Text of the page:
The first Canadian-bred trotter to record a two-minute mile was Lee Hanover, a son of Lee Harvester and a foal of 1930. He was bred by Percy Clemons of St. George, Ont., and was purchased as a yearling by Joseph Owen of Jarvis, Ont., and trained by his son, Len. His racing career started at age three when he won all three heats of the Canadian Standardbred Futurity at the CNE track in Toronto. In 1934 Lee Hanover won 10 of 14 starts, eight of them in the United States, where he reduced his record to 2:07 1/2 at Grand Rapids, Mich. He campaigned exclusively in Ohio and Michigan at five, winning five of 23 starts.
Lee Hanover blossomed in 1936, finishing best in all 12 events he contested and compiling a remarkable record of 34 wins in 36 heats. He started the season by winning three heats at Listowel and six more at Flint. After finishing second in the first heat at North Randall, Ohio, he came back to win the second and third heats. At Hamilton, Ohio, he was fifth in the first heat before closing out the season by winning his last 20 starts. His skein included a 2:021/4 win at Springfield, Ill., and a 2:01 1/4 score at Indianapolis. It was then that he was sold for $8,000 to Biery Farm of Butler, Pa. In the final race of his 1936 campaign, Lee Hanover won three heats of the Walnut Hall Cup at Lexington.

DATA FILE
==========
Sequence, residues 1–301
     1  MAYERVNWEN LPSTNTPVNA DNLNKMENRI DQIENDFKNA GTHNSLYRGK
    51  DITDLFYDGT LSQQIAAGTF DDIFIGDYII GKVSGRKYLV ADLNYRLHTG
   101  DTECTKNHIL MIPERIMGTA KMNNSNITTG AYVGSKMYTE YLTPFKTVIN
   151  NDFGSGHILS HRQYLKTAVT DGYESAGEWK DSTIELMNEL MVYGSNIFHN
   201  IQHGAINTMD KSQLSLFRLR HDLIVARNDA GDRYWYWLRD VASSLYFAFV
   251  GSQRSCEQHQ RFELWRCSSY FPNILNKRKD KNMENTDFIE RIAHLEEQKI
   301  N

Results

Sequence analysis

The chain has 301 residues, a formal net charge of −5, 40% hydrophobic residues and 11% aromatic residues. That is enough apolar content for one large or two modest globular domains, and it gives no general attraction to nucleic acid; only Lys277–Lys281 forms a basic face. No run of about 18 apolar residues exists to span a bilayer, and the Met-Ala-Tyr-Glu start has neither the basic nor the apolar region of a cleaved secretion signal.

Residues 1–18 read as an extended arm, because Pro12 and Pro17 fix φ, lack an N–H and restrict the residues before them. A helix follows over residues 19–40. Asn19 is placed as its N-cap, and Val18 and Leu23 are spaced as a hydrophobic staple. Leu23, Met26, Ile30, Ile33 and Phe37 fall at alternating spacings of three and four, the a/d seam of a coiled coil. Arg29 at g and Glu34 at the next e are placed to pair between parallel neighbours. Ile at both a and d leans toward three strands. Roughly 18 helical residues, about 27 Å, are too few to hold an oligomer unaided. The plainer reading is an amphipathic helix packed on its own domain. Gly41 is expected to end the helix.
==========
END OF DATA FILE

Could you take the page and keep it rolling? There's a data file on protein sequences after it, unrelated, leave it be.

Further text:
Lee Hanover graduated to the free-for-all ranks, which included some of the great trotters of that era, Greyhound and Rosalind. He won only three times during in 1937. He finished third in two heats at Springfield as Greyhound won in 2:00 1/2 and 2:02. At Syracuse he was second to Rosalind in the mile and one-half All-American Handicap and runner-up again to her in the Transylvania Trot at Lexington. The third heat was timed in 1:59 1/4. It was the final race of Lee Hanover’s career, but later was sent against the clock in a time trial and was clocked in 2:00 1/2. Then, with Charles Lacey driving, Lee Hanover entered the record books forever with a 2:00 TT on Oct. 16, 1937, going faster than any Canadian-bred trotter before him. He retired to the Owen’s farm, where he died at age 19.